The Pittsburgh Penguins did it differently this year in many ways, including allowing themselves to touch the Prince of Wales Cup.
So did Mario Lemieux all those years ago–twice–and they went on to win the big one–Lord Stanley’s Cup.
The Penguins bought into a system and a new coach’s philosophy and with each win, that buy-in rooted deeper into the soul of the team. The Carolina Hurricanes played with a lot of heart and a lot of tenacity, but the Penguins also kept coming like any one of the Terminator movies. It was at once an awesome and frightening thing to behold.
Tuesday night’s game in Raleigh, NC showed the almost bottomless depth of the Penguins and their newfound love of the road, destroying the spirit of opponents on their ice. Malkin and Crosby were double- and at times triple-teamed, and still, scoring came in the forms of Ruslan Fedotenko, Maxime Talbot, Bill Guerin, and Craig Adams. Talbot and Adams both proved that no goal is an ugly goal, and every shot is an opportunity to score. This particular game was frenetic in its pace and bone-crunching in its physicality end to end.
Series Notables that Will Serve Well in the Stanley Cup Finals
- Solid goal-tending–Netminder Marc-Andre Fleury played his most complete game in this series, making the key saves he needed to make, managing the puck well, and staying sharp in his positioning in front of the net. However, he came up big in each of the four games.
- Scoring from 10 of their 18 position players (sans goalies)–Goal contributions came from Malkin (6); Crosby (4); Guerin, Fedotenko, Talbot, and Adams (2 each); and Kunitz, Kennedy, Satan, and Boucher (1 each). It’s hard to account for so many potential scorers, and while the defensive scoring was not as high as it was in earlier series, it exists and could rear up again in the finals.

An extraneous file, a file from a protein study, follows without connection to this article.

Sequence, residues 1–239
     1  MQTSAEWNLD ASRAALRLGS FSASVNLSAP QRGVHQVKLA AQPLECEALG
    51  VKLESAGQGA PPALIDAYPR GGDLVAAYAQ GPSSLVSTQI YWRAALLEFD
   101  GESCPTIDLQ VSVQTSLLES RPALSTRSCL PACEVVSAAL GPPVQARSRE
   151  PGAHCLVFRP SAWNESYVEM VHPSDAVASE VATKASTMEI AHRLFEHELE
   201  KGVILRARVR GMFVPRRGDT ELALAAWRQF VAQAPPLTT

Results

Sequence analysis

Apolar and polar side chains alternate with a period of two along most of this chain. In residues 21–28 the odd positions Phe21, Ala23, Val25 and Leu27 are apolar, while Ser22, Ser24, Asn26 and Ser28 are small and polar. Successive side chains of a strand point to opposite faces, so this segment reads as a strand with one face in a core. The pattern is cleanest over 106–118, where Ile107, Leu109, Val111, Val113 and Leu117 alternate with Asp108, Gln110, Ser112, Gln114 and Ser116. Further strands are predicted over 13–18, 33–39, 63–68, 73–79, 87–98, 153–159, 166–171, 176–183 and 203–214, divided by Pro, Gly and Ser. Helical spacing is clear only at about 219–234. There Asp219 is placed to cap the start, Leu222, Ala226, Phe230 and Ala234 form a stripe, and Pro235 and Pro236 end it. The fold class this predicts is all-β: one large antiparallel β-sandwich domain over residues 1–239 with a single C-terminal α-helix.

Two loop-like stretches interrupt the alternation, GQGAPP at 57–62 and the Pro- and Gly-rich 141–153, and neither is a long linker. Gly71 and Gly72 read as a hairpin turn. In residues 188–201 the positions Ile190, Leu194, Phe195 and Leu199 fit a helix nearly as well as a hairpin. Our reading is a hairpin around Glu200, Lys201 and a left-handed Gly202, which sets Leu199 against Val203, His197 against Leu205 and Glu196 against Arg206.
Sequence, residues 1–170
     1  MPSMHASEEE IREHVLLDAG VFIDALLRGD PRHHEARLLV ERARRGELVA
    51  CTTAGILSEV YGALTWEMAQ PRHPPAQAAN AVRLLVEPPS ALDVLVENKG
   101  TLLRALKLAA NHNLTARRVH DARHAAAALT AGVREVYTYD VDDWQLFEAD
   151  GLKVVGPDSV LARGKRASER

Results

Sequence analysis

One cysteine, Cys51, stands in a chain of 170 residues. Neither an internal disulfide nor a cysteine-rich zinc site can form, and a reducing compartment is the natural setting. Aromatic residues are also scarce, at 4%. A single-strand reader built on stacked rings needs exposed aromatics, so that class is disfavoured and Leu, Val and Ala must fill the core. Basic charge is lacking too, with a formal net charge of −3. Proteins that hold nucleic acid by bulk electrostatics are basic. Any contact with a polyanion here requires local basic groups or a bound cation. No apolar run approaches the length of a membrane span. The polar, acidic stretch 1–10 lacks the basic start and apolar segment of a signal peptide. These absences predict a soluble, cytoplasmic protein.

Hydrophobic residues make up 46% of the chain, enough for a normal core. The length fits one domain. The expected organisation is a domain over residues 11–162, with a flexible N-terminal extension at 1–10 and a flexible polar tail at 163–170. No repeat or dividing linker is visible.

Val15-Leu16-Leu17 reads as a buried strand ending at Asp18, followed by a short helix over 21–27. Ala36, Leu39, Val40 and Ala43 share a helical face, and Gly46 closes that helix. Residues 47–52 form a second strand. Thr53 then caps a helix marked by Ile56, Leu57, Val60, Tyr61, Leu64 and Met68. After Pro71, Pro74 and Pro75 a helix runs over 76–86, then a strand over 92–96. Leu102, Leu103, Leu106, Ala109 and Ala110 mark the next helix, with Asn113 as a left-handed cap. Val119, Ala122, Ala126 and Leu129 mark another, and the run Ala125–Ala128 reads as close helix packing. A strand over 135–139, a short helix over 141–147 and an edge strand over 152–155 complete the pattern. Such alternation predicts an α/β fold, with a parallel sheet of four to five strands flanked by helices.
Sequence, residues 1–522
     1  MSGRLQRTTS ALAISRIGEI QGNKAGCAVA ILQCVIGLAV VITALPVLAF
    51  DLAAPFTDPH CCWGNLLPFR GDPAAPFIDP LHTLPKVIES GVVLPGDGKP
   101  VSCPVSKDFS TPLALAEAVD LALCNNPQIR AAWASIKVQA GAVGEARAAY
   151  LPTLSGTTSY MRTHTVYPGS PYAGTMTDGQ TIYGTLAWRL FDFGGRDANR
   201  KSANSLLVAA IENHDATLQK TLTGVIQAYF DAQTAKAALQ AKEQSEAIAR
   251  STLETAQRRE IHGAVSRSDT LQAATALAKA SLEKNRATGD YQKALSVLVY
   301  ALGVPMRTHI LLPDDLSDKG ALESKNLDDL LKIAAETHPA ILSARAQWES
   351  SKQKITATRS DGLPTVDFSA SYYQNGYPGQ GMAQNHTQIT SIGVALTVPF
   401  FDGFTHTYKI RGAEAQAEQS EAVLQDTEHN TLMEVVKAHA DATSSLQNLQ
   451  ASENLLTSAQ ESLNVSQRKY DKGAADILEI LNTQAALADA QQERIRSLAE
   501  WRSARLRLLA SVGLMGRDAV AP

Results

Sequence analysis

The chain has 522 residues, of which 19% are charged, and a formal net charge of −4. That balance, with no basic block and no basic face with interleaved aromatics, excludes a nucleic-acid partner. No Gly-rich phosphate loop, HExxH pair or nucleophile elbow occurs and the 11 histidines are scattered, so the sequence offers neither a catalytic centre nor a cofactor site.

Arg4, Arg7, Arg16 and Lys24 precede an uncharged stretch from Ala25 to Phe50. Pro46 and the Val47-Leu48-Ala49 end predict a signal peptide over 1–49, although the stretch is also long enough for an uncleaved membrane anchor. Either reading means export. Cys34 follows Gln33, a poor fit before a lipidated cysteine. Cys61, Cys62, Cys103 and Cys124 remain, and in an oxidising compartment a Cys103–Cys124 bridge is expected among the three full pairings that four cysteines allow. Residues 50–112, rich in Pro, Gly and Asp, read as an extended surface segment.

- Defensemen in on the offense–Pens’ blueliners accounted for 24% of the shots on net, led by Kris Letang who had 11, followed by Hall Gill (6), and Sergei Gonchar and Brooks Orpik (5 shots each).
- Defense with the reflexes–Like a well-oiled machine, the Pens’ blueliners have become sharper and quicker with their feet and with their sticks. None has shined better in the latter category than Rob Scuderi whose poke-checking has been like a hot poker, serving to frustrate rushes into the Pens’ defensive zone. Whether it’s six defensemen or seven in the line-up, these guys work so fluidly in tandem that one would swear they are psychic. This kind of teamwork in the defensive zone makes for a very secure and composed Marc-Andre Fleury, and such sympatico will be critical in the final series.
Brothers’ Keeper: The Staal Tracker
Despite Eric Staal’s best efforts, “little” brother Jordan (all 6’4″, 220 pounds of him) was equally a man possessed, matching Eric’s intensity and surpassing it, attempting to hit everything in sight with a Hurricane logo. Jordan was not without his own scoring opportunities, having had two good chances and a handful of scrums in front of a nervous Cam Ward–just to keep it interesting. Eric was fast and wily, managing the Hurricanes’ lone goal early on a thread-the-needle kind of stuff of the puck between Fleury’s skate and the post on a wrap-around.
For the final time of the season, here’s how the Brothers Staal shaped up in Game 4:
- Goals/Assists/Points–Jordan (0/0/0), Eric (1/0/1)
- Plus/Minus–Jordan (even), Eric (-1)
- Total Ice Time–Jordan (19:33), Eric (22:30)
- Shifts–Jordan (24), Eric (30)
- Average–Jordan (:48 per shift), Eric (:45 per shift)
- Shots–Jordan (2), Eric (5)
- Hits–Jordan (5), Eric (0)–Jordan combined with Chris Kunitz (5 hits) and Brooks Orpik (4) hits for a total of 14 of the team’s 25 hits on the night (56%).
- Giveaways–Jordan (0), Eric (0)
- Takeaways–Jordan (1), Eric (1)
- Blocked Shots–Jordan (1), Eric (0)
- Faceoffs Won/Lost/%–Jordan (6/6/50%), Eric (13/10/57%)
Rumor has it that if the Chicago Blackhawks go gentle into that good night on Wednesday against the Detroit Red Wings, the Stanley Cup Finals Game 1 could start as early as Saturday, May 30.
The “Date with Destiny” draws closer.